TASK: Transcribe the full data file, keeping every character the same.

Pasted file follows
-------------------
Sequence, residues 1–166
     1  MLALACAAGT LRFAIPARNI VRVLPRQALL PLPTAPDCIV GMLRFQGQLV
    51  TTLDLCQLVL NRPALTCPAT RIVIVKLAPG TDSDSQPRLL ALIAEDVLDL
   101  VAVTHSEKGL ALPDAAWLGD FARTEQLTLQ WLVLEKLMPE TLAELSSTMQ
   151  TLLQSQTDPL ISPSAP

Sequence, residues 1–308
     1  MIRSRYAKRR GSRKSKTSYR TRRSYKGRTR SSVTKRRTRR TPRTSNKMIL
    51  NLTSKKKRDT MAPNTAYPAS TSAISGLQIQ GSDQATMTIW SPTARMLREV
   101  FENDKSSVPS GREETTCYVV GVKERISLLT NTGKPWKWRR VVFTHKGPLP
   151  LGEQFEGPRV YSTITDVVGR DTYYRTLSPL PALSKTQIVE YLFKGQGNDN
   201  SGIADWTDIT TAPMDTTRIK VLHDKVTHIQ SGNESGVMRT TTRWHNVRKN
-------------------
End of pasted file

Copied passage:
Sequence, residues 1–166
     1  MLALACAAGT LRFAIPARNI VRVLPRQALL PLPTAPDCIV GMLRFQGQLV
    51  TTLDLCQLVL NRPALTCPAT RIVIVKLAPG TDSDSQPRLL ALIAEDVLDL
   101  VAVTHSEKGL ALPDAAWLGD FARTEQLTLQ WLVLEKLMPE TLAELSSTMQ
   151  TLLQSQTDPL ISPSAP

Sequence, residues 1–308
     1  MIRSRYAKRR GSRKSKTSYR TRRSYKGRTR SSVTKRRTRR TPRTSNKMIL
    51  NLTSKKKRDT MAPNTAYPAS TSAISGLQIQ GSDQATMTIW SPTARMLREV
   101  FENDKSSVPS GREETTCYVV GVKERISLLT NTGKPWKWRR VVFTHKGPLP
   151  LGEQFEGPRV YSTITDVVGR DTYYRTLSPL PALSKTQIVE YLFKGQGNDN
   201  SGIADWTDIT TAPMDTTRIK VLHDKVTHIQ SGNESGVMRT TTRWHNVRKN